MPS board members don’t understand basic business principles


Today the Milwaukee Journal Sentinel ran another story about the Milwaukee Public Schools budget for next year. I’ve pointed out recently that MPS expects a drop in enrollment of almost 5%. Yet spending is going up 1.5%. That’s a gap of 6.5% that they can’t explain.

But if you want to know why MPS is so bad at managing its money, it takes only this statement from a school board member to show you why:

Cutting the budget is not as easy as many people think, board member Terry Falk said; declining enrollment does not mean declining expenses, and steps such as closing more schools are not as simple or wise as they might seem at first.

Should we invite Terry Falk to the real word? Hello? Fewer children means fewer classrooms, fewer teachers, less busing, less security, less food… I bet I could come up with a list of 100 costs that decline each time the district has one less student.

But the fact that the school board members can’t understand this basic business concept (that certain costs fall when there is lower revenue, or in this case, fewer children) illustrates all that is wrong with MPS.

But there’s more fancy math going on. Do you realize that for some of those students who don’t attend MPS, the district still gets money from the state for them? That’s right. Students in the voucher program only take a portion of their allotted money with them to the voucher school, and the rest of the money stays in MPS even though they don’t have to educate the child.

Could the leaders of Milwaukee Public Schools be any more incompetent?

4 thoughts on “MPS board members don’t understand basic business principles

  1. You are grossly over-simplifying the impact of declining enrollment.

    A few examples:

    It costs the same to heat a building, no matter how many students are in the building. Heating costs are going up much faster than 1.5% a year.

    In a similar manner, the QEO all but demands that teacher compensation goes up by a minimum of 3.8% and less students does not directly translate to less students in a 1-1 or even 1-22 manner. It depends on where the students are in terms of both grade and school.

    Student/teacher ratios create interesting situations. Let’s use SAGE classrooms as an example. The state program provides $2,000 per low income student enrolled in a SAFE contract school with 15/1 teacher ratios. In an ideal world, the students at every SAGE eligible grade level would be distributed in such a way that there were exactly 15 students per teacher. Say a school has two second grade SAGE classes, each with 14 students. If you “lose” 13 students, you can get rid of a teacher and keep SAGE funding. But if you lose 6 students (a 21% loss), what do you do? Drop SAGE, lose SAGE money and have one class of 22? Keep SAGE and have two classes of 11 and no savings in teacher related expenses? What if you lose one or two students, what savings can you realize?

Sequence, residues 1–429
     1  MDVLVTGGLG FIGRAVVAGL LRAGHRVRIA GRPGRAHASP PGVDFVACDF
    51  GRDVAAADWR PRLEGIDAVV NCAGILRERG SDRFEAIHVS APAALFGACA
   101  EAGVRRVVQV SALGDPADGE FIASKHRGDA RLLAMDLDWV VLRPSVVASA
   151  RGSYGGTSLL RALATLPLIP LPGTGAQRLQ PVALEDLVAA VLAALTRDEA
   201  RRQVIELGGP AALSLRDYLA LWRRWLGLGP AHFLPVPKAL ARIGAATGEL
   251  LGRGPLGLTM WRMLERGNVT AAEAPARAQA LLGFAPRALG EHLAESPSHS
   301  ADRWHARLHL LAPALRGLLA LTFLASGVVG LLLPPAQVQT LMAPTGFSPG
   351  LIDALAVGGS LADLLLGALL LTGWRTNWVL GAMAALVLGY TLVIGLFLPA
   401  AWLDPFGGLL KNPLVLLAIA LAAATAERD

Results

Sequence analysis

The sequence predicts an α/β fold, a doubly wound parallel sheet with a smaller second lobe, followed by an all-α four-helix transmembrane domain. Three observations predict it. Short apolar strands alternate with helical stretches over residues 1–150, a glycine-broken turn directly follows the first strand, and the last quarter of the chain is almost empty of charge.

There are 10,000 other examples that show that although money is collected (mostly) on a per pupil basis, spending does not follow a simple cost per pupil pattern.

    Your over-simplifications fan the flames of ignorance. I would expect better from someone of your training.

  2. Tracy Coenen

    You should expect the truth, which is what I offer here. Yes, there are some costs that do not go down when enrollment declines. But the vast majority do. Fewer students means fewer employees, less classroom space, and fewer supplies.

    The fact is that our schools have been completely OVERfunded for years and years. When will they cut back? MPS teachers are grossly overpaid and given far too lavish benefits. Quite simply, those things need to be cut.

    This blog is not for liberal propaganda… screaming that our children could learn if we just steal more from the taxpayers. MPS has been stealing and wasting for decades. It’s time to put a stop to this nonsense.

  3. My apologies for trying to engage you a discussion of decision making in school budget cuts.

    I didn’t realize you viewed taxation for public education as “stealing,” nor that you harbored such hostility to teachers that it blinds you to the context of salary and benefit negotiations under the QEO.

    I won’t be bothering you any more.

  4. Tracy Coenen

    The concept of taxation for public education isn’t stealing per se (although I suggest it might be wise to make the parents of children fund their schooling).

    What I do think is stealing is the amount of money that MPS absolutely wastes with nothing to show for it. We have one of the worst school districts in the nation, while our teachers are some of the highest paid. Teachers should be paid on their merit, and overall, the MPS teachers don’t merit much.

    I don’t harbor hostility toward teachers. I harbor hostility toward the overpayment of poor teachers who don’t teach the children.

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